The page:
FROM Aaron Glantz
GI Bill Treasure Chest When the GI Bill was reauthorized in 2008, the idea was to ensure a middle-class lifestyle for troops coming home from Iraq and Afghanistan. But unlike the veterans of WWII, who spent their GI Bill money on universities like Harvard, Yale and UC Berkeley, the new wave of veterans are largely attending for-profit colleges. And according to a new investigation by the Center for Investigative Reporting, the University of Phoenix is raking in money from the GI Bill, but not leaving vets with much of an education.
Whistleblowers and Cover-ups at the VA The Veterans Administration runs America's largest healthcare system, with hospitals and clinics serving eight million people. Under the rules, veterans are supposed to get an appointment 14 to 30 days after calling for one. For years there have been reports that it takes much longer. Now there are claims that records have been falsified to hide that the VA has been paying bonuses to officials who've hidden evidence of how long it takes to get healthcare. In Phoenix, a whistleblowing doctor says 40 veterans died while waiting up to a year for appointments. Tomorrow, a Senate committee will be looking into claims of a widespread conspiracy, despite continued reports and the VA's official denials. Are secret waiting lists part of a cover-up? Would top brass resignations help fix Americans largest healthcare system?
The War in Iraq and the Role of Southern California The war in Iraq is a local story in Southern California. Octavio Sanchez was a Marine staff sergeant deployed to Iraq from Camp Pendleton. In July of 2005, while on patrol in Ramadi, his vehicle struck a roadside bomb. Two comrades died in the incident, but Sanchez survived to undergo 40 surgeries at Veterans' facilities and at UCLA. He's the married father of four, who lives in Fontana. Southern California is home not to just to veterans — wounded and otherwise, but to people left behind by the war. Military widow Nicole Hart, who met her late husband when they were 12 years old, has gone back to school where she's studying to be a photographer.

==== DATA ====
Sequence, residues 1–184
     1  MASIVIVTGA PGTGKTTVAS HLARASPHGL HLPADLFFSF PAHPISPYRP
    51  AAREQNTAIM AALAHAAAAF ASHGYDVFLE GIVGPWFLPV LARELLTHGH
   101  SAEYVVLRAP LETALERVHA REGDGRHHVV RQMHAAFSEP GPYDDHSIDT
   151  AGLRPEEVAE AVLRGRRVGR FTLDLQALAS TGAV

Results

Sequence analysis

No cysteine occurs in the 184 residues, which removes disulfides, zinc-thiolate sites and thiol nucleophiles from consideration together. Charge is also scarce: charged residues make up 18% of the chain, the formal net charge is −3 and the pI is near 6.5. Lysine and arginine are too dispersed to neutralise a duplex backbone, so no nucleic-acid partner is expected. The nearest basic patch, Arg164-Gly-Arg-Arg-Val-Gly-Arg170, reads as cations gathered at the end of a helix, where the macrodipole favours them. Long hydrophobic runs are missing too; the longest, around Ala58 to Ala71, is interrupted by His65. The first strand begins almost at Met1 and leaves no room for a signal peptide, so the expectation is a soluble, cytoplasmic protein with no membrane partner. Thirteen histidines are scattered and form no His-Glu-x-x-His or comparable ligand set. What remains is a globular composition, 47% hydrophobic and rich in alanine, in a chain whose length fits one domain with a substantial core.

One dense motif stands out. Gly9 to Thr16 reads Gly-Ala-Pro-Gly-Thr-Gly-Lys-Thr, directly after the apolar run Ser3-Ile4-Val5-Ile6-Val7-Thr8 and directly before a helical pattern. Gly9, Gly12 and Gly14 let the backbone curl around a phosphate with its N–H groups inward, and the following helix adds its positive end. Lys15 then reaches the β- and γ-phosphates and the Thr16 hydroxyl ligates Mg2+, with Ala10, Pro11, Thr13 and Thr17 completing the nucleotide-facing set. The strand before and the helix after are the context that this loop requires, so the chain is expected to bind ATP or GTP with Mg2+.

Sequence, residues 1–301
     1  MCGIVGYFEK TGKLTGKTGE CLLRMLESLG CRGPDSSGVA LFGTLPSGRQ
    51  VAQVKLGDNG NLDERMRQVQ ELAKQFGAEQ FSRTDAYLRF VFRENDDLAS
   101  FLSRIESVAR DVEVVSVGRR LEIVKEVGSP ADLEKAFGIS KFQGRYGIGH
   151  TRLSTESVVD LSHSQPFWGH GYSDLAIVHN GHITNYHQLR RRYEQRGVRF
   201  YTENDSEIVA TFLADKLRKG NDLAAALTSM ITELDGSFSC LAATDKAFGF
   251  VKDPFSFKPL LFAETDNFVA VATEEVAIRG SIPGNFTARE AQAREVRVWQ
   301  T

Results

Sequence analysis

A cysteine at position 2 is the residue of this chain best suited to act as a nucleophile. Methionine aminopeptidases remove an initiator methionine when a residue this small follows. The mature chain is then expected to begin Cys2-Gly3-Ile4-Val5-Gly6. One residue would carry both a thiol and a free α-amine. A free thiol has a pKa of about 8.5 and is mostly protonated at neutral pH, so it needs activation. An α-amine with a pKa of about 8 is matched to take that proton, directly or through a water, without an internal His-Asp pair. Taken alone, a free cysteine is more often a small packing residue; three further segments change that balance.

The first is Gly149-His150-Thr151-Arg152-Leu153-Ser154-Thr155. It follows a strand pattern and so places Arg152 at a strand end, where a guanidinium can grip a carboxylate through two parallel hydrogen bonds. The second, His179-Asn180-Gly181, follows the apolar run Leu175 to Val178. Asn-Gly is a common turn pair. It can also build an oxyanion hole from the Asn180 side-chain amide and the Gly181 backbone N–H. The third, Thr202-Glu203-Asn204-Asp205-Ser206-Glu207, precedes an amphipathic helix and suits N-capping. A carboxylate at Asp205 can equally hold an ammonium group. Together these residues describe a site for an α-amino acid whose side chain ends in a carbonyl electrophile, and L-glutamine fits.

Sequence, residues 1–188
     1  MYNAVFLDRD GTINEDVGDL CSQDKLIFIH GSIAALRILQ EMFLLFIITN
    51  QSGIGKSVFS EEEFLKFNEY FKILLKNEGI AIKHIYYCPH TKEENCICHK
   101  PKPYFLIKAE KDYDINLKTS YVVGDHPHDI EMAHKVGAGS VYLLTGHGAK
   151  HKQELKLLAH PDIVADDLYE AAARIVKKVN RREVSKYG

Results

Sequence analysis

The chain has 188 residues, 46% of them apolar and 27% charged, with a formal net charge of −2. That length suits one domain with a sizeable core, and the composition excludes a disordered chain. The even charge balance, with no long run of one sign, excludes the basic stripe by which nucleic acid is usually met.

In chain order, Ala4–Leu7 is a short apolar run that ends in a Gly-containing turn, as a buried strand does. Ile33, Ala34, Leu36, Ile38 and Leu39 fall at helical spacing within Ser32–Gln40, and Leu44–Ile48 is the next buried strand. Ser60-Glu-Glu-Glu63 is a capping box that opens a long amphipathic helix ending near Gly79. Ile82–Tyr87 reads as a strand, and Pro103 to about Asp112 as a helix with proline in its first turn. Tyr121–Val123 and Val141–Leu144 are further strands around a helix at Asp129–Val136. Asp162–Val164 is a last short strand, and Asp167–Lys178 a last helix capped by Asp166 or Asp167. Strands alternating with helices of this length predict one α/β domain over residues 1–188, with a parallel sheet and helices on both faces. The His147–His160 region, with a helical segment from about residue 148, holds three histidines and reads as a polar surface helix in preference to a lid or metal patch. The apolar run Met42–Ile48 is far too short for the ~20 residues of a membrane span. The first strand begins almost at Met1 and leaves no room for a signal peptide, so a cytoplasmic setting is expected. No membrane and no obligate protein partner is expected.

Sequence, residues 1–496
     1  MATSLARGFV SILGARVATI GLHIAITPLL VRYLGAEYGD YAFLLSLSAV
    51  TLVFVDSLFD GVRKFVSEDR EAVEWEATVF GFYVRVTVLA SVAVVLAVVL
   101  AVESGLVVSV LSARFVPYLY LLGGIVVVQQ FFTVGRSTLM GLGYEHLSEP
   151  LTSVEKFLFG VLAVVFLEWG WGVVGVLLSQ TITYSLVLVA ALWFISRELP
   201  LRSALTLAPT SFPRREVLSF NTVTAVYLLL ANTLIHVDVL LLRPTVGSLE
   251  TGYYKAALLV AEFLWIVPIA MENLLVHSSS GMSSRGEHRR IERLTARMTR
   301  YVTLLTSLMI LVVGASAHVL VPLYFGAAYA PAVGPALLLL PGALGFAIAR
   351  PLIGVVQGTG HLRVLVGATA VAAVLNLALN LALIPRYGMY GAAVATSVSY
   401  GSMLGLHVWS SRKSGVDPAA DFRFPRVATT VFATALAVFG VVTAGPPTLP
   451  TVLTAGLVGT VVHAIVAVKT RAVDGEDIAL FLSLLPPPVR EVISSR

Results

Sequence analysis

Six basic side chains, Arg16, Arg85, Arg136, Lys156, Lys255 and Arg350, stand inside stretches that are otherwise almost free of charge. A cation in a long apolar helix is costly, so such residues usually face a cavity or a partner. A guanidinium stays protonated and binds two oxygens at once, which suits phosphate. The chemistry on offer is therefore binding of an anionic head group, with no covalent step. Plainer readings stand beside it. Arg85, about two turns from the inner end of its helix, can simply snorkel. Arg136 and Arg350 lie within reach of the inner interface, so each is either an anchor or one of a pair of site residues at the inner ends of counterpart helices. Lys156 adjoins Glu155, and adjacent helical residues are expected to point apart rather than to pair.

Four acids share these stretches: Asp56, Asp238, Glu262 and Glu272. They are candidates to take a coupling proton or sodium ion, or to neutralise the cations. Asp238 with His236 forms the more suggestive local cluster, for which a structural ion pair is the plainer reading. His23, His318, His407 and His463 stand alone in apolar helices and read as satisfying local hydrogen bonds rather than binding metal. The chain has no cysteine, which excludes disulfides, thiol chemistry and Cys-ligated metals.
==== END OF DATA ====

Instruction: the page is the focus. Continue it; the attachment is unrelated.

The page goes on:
Venezuela spirals into economic and political chaos Venezuela, a country whose potential for prosperity is unmatched, finds itself on the verge of civil war. What sustains the repressive government? With time running out, guest host León Krauze looks at what the international community can do to pull the country from the edge of collapse.
The longest US war: Will Trump send more troops to Afghanistan? The Trump White House is divided over the Pentagon's request for more troops in Afghanistan—where the US has been fighting for the past 16 years. Is there a formula -- either for "victory" or a political settlement? Is there an end in sight for America's longest war?
Who's to blame for the opioid crisis? Some of the lawyers who took on Big Tobacco are now going after Big Pharma. It’s all about the deadly epidemic of opioid use. Are the drug companies to blame? What about the users? Later, on today’s Talking Point: making sense of Britain’s upset election.
Ex-FBI Director Comey tells his side of the story Today, former FBI Director James Comey came close to calling the President who fired him a liar. The White House denied the claim and called it insulting, but Republican Senators did not challenge Comey’s truthfulness. Many questions remain: did the President try to obstruct a federal investigation? Later, we’ll go behind the “velvet rope” for a look at 5-Star health care for the richest Americans.